Keftiu Astronomy Research for the just-released Kitane, Bull Jumper: Courting and Catastrophe in the Bronze Age (https://amzn.to/2wuLMk8)
Over the course of a year, the nighttime stars appear to rotate around the earth. Different star configurations, called constellations, become associated with the seasons. For a contemporary example, the astrology signs of Cancer, Leo, and Virgo are the summer constellations.
An exception to this rule is the North Star, Polaris. In recent history, Polaris was fixed. It was believed to be always in the north.
Ancient civilization observed several cycles, from the daily cycle of the Sun to the monthly cycle of the Moon, and the annual cycle of the constellations. The objects that failed to follow these cycles were the planets (named for the Greek word wanderers).
In the last century, science has identified several longer cycles, now collectively called Milankovitch cycles. These cycles include orbital eccentricity, obliquity, and precession, with time periods of approximately 100,000 years, 41,000 years, and 25,771.5 years respectively.
For the purposes of formulating astrology for the Keftiu (3,500 years ago), the authors only considered precession.
The star directly above the rotational axis is the North Star. In the current era, we are fortunate that axis points to Polaris. However, this is not always true. In general, the axis points to empty space. There is no North Star.
Let’s just review the current situation. The North Star is located by finding the Big Dipper, aka Big Bear, aka Ursa Major. A couple of stars in this constellation point to Polaris. Polaris is a star at handle-end of the Little Dipper, aka Little Bear, aka Ursa Minor.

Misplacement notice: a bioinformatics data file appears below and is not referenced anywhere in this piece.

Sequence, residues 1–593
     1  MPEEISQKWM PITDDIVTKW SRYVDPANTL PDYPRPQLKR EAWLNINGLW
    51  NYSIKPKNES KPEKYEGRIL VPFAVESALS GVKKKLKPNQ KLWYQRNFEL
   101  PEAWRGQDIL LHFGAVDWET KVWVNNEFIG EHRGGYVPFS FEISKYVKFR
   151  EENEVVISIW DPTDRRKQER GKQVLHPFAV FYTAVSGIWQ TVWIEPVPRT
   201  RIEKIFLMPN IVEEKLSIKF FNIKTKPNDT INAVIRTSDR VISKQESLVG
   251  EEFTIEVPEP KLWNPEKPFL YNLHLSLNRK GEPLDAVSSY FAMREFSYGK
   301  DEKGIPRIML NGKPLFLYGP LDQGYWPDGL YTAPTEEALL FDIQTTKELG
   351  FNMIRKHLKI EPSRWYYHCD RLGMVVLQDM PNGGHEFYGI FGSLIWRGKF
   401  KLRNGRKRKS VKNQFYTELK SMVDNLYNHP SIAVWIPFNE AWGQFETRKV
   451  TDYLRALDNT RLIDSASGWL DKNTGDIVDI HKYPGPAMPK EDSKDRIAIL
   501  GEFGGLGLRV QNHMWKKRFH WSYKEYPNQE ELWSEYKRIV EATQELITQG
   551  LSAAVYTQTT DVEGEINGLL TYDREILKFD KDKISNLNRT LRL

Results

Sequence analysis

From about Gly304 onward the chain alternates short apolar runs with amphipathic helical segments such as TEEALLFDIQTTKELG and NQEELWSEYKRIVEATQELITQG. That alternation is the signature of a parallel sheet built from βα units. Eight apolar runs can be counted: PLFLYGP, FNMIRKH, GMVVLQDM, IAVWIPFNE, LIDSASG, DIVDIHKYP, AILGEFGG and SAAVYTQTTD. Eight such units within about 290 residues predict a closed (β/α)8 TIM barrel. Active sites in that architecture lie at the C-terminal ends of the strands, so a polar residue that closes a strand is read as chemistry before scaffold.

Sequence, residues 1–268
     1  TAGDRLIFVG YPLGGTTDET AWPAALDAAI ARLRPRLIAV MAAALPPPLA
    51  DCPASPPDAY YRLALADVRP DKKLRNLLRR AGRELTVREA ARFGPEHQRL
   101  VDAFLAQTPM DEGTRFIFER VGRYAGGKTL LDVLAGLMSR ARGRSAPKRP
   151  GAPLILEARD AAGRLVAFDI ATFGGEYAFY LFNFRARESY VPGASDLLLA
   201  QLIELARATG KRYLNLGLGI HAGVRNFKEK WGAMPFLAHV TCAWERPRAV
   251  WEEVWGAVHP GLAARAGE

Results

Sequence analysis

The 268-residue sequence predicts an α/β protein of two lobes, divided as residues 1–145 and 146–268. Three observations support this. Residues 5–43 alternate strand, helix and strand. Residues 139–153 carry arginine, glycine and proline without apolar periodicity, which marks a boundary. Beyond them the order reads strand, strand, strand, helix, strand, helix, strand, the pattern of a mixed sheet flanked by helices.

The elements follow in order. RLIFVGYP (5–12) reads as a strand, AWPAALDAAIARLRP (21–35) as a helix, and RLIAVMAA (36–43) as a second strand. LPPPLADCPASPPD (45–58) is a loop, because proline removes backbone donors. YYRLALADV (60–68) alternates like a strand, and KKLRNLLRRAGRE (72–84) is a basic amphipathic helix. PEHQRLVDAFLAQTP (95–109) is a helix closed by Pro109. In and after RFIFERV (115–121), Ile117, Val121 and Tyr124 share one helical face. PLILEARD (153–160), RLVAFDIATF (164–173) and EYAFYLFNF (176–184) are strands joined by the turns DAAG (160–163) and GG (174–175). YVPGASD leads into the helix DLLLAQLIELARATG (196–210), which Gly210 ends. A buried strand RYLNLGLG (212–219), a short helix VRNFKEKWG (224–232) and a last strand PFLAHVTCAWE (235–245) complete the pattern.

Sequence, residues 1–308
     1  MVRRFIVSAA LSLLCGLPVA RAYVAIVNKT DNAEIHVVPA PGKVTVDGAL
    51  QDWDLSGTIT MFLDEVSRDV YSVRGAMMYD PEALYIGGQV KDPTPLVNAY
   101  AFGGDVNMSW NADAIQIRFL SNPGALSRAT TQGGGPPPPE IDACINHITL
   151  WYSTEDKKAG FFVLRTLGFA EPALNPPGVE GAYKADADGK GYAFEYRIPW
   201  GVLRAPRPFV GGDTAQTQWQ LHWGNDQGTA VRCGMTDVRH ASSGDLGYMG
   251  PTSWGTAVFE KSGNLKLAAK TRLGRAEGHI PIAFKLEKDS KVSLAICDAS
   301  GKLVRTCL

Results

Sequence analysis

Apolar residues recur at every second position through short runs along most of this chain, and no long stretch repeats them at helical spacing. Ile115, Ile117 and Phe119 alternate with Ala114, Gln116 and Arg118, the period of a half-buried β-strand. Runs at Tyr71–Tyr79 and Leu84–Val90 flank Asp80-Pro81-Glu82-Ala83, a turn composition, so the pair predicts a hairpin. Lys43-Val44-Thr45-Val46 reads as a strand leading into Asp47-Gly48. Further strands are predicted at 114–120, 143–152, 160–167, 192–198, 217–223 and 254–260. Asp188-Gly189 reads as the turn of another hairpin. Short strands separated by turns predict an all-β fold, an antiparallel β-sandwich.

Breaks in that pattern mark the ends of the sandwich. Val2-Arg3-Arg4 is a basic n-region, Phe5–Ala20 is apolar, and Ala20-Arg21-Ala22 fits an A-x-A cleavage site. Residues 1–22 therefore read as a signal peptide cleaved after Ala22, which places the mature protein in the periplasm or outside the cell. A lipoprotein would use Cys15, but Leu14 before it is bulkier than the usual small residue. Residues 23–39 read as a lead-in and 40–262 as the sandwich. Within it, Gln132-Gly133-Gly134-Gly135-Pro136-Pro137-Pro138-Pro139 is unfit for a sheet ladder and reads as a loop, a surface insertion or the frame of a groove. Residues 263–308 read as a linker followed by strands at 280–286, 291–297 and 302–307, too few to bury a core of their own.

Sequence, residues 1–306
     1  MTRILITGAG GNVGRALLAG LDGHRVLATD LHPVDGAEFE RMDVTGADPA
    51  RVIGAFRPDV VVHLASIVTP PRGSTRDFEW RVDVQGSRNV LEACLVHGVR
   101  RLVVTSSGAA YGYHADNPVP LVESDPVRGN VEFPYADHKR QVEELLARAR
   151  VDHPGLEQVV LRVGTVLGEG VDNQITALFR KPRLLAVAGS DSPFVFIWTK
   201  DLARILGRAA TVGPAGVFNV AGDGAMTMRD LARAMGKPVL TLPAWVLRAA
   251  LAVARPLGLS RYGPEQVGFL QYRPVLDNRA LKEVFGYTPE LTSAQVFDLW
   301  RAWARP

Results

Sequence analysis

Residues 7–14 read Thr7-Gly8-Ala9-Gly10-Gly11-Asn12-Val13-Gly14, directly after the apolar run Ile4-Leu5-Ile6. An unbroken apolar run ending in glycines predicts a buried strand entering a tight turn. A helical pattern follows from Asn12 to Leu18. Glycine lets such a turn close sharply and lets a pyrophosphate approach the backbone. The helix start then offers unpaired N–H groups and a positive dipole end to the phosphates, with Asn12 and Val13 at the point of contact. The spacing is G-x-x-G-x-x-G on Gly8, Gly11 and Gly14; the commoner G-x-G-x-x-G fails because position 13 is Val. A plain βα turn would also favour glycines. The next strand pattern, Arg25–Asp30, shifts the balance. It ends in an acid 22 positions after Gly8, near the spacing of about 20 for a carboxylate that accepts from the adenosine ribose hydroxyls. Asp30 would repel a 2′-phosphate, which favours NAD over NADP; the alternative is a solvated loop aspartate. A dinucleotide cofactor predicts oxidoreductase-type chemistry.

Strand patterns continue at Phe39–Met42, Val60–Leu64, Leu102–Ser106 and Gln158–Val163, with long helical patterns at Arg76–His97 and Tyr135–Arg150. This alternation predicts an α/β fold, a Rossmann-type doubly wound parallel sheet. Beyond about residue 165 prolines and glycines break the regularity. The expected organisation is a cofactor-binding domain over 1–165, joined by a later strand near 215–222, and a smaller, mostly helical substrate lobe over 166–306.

During the time of our story, there was no ideal North Star, like Polaris. However, the star closest to the north would have been the chosen North Star of the time.
For the purposes of the Keftiu, the authors renamed these two constellations with Keftiu-appropriate names: Big Double Axe and the Little Double Axe (Labrys). The North Star is on the handle end of the Little Double Axe and is called the Bull Star.
Keftiu sailors would have located the Big Double Axe and followed two stars to locate the Bull Star within the Little Double Axe. This is like the process used in the current era, except that different stars are employed, even though the polar constellations are the same.
The other effect of precession is the movement of the constellations with respect to the seasons. 3,500-years-ago represents a change of one zodiac sign. Thus, while Cancer, Leo, Virgo are summer constellations now, Leo, Virgo, and Libra would have been summer constellations in the past.
Of course, the Keftiu would have had their own names for the constellations. The authors renamed the constellations for the Keftiu as follows:
Spring: Spring Flowers, Initiates, Triton
Summer: Dolphin, Snake Goddess, Swallow
Autumn: Three Women, Octopus, Trading Ship
Winter: Bull Jumper, Papyrus, Bee